Anonymous
Anonymous asked in Social SciencePsychology · 2 weeks ago

I have a strange OCD pattern?

I have a rare type where i basically try to avoid thinking about people i knew that i did not like or ones i really hated, if i switch of a light or something. If my last thought is of a person a didn't like while doing that, id have to switch the light on off when not thinking about them. Same with my abuser in childhood. If he pops up while I'm washing myself in tub. I have to keep cleaning myself until a new thought pops up that isn't him. I don't want them being my last thought while doing a certain action. Same with my bullies in past etc. I keep doing something until they get out my head. Then i stop once im Happy with a different memory being my last thought etc. Btw, im not trolling. It might sound stupid to you. But this stuff is very real 

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  • Best answer

    That is a defense mechanism, not an obsessive compulsive physical behavior. I do the same thing. More and more, I used my "will to ignore."

  • 2 weeks ago

    Here's how this kind of thing gets started. You had an unpleasant memory, you performed some kind of ritual, and the memory went away. That convinced you that you had the key for dealing with unhappy memories, although the memories keep bothering you. 

    A therapist can tell you about how to deal with memories. One way is to desensitize yourself to the memory. Instead of trying to get rid of it, you just stare it down so it doesn't bother you.

    Something you can talk about with a therapist is the method of psychiatrist Jeffrey Schwartz. His OCD treatment has been validated by brain scan studies (article).

    https://www.discovermagazine.com/mind/rewiring-the...

    If you go the Amazon ad for You Are Not Your Brain by Schwartz, you'll see that people with OCD think very highly of this book. You can also hear the testimonials of readers on YouTube.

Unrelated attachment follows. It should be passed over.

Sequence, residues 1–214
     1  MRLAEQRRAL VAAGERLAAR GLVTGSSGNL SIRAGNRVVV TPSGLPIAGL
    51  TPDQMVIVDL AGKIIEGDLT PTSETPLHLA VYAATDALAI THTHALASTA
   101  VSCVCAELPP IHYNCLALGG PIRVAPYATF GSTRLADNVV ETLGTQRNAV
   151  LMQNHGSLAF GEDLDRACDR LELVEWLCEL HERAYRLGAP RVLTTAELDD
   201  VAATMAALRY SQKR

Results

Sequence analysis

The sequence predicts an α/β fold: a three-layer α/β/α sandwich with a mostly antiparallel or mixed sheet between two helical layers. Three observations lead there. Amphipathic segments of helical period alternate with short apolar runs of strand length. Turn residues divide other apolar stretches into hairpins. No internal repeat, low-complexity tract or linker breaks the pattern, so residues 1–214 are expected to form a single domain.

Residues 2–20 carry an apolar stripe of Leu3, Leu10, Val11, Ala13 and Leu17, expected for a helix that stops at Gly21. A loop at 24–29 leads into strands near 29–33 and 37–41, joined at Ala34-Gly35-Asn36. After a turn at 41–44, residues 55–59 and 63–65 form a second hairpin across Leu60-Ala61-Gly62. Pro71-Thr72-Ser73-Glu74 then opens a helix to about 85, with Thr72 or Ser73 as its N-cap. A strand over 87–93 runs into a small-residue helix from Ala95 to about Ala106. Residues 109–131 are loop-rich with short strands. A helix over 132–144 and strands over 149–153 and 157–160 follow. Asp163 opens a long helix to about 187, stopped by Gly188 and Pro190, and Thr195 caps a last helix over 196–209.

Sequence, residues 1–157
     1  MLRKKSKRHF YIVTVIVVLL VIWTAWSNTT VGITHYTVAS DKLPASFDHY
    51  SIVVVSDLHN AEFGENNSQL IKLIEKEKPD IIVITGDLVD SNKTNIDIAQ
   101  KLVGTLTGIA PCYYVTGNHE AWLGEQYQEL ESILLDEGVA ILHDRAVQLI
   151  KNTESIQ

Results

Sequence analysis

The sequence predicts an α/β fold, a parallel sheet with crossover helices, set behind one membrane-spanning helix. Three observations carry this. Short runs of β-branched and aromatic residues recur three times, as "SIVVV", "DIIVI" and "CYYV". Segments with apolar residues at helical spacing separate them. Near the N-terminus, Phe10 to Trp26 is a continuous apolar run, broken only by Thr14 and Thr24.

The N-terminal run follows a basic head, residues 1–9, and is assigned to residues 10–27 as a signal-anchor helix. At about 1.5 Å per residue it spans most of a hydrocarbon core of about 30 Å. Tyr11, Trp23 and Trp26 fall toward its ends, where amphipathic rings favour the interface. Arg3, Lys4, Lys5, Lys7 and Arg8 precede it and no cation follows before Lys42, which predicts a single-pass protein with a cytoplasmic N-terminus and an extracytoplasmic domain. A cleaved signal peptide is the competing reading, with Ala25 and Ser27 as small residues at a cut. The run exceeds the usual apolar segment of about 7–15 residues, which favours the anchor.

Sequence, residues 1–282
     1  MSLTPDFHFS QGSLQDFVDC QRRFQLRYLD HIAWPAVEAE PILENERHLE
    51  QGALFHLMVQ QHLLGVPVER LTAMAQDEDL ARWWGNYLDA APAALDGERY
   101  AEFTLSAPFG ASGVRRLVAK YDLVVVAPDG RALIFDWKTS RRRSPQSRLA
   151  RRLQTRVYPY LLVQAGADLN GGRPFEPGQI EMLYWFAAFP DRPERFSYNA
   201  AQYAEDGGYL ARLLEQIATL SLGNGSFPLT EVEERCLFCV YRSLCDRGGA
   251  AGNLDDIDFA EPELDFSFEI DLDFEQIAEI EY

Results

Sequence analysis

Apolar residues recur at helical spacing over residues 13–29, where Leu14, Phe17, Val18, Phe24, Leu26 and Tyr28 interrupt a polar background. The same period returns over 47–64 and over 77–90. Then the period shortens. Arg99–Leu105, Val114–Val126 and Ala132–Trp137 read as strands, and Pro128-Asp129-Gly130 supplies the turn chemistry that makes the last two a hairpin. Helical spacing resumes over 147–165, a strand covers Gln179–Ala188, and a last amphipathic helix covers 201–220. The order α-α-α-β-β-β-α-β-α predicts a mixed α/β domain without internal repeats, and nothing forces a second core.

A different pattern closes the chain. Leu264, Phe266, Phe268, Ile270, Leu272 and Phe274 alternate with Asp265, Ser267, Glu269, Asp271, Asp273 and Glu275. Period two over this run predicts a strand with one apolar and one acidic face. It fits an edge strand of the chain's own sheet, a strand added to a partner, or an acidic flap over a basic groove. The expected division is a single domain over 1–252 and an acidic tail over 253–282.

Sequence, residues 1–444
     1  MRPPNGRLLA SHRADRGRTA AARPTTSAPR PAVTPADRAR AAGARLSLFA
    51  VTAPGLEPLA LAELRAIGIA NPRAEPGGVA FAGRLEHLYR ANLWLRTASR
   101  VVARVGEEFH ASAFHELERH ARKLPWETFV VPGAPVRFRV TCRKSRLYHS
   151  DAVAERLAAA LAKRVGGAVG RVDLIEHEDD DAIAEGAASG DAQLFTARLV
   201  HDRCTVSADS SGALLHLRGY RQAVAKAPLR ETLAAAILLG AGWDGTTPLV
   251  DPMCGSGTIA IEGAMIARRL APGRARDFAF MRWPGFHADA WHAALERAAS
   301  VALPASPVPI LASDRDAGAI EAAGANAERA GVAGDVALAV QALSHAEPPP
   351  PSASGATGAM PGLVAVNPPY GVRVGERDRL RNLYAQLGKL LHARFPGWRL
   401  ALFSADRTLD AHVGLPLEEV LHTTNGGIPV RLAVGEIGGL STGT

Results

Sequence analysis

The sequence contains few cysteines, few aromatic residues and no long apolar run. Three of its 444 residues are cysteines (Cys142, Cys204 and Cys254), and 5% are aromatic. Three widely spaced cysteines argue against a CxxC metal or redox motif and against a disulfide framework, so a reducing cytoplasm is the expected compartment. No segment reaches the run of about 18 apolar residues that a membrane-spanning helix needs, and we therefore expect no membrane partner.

He says that OCD can be treated with these four steps:

    1) Relabel the obsessive thoughts and compulsive urges as obsessions and compulsions, not as real thoughts.

    2) Reattribute the obsessive thoughts to a brain malfunction called OCD.

    3) Refocus on a wholesome, productive activity for at least fifteen minutes.

    4) Revalue the entire obsession and compulsion group as having no useful meaning in your life.

    He's one of the many mental health professionals who believe in mindfulness. If you're interested,

    https://answers.yahoo.com/question/index?qid=20181...

  • Anonymous
    2 weeks ago

    You need to see a shrink as this sort of OCD will affect your normal life.

  • Anonymous
    2 weeks ago

    STOP doing the rituals for a start. The reason you are trapped in your own thoughts is because you are labelling good and bad on these people. Then the mind plays tricks on you from that. I'm sorry you got abused but you need to rip away that Idea of him as being "bad" OCD fuel is all based on good and bad. If you favour one outcome, you'll automatically fear the opposite

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  • Anonymous
    2 weeks ago

    Not a question - reported

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